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How does increased mass change momentum?

seo-qna
Last updated date: 24th Jul 2024
Total views: 384.9k
Views today: 4.84k
Answer
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Hint: The Momentum is defined as the product of the mass of the particle and its velocity. Momentum is a vector quantity and has both magnitude and direction. Momentum is measured in kilogram meters per second.

Complete step by step answer:
• If a body has a higher mass and moves with a higher velocity then the momentum of the body will also be higher.
• If m is the mass of the body and v is the velocity, then the momentum is written as,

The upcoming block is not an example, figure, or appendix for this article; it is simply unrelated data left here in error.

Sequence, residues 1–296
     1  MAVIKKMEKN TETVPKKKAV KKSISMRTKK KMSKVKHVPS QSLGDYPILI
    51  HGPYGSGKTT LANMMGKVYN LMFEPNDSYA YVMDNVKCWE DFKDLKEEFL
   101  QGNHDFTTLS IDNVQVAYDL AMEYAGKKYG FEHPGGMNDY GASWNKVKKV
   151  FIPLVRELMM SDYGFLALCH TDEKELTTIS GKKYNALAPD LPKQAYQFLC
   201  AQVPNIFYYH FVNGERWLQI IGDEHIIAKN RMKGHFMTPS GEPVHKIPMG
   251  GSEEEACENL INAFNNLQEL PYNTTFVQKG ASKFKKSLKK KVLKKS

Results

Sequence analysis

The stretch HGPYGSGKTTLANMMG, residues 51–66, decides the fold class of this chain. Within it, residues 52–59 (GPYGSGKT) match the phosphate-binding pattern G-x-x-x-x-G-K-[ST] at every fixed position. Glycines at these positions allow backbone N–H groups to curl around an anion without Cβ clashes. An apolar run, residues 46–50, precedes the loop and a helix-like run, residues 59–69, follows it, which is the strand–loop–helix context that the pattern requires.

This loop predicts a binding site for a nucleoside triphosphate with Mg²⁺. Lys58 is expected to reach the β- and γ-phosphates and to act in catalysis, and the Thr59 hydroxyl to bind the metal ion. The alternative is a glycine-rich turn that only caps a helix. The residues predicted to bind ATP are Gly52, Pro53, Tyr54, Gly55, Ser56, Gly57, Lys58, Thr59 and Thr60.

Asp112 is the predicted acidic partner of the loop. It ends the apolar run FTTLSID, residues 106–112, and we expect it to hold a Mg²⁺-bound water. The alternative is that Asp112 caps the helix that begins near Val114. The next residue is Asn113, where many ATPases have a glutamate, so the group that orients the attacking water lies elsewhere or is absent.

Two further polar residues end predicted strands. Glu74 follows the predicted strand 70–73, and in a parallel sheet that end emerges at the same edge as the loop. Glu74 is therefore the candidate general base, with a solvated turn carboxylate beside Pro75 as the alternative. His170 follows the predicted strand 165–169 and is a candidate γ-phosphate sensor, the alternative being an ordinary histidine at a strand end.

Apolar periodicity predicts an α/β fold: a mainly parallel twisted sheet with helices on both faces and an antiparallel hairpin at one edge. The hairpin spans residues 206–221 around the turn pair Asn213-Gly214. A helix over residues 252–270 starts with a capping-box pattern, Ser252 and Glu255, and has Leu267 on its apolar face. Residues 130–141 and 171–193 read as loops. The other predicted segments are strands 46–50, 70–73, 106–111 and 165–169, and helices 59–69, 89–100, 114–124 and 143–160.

$p = mv$
• Thus from the above, it is clear that the momentum is directly proportional to the mass and the velocity.
• Hence if the mass or velocity of the body is increased, then the momentum of the body also increases. Thus even if we double the mass or velocity, the momentum also gets doubled.
• Also when the two bodies are moving with the same velocity and having two different masses, then the momentum will be large for the body which is having a larger mass.

Additional Information:
• Mass is the quantity that is mainly dependent on the inertia of an object. The more the inertia of a body, the more the mass that it has.
• The momentum of a system of the particles is equal to the vector sum of their momenta.

Note:
• Momentum depends upon the mass of the object and the velocity of the object.
• The change in the momentum depends on the force that acts on the body and the length of the time it acts.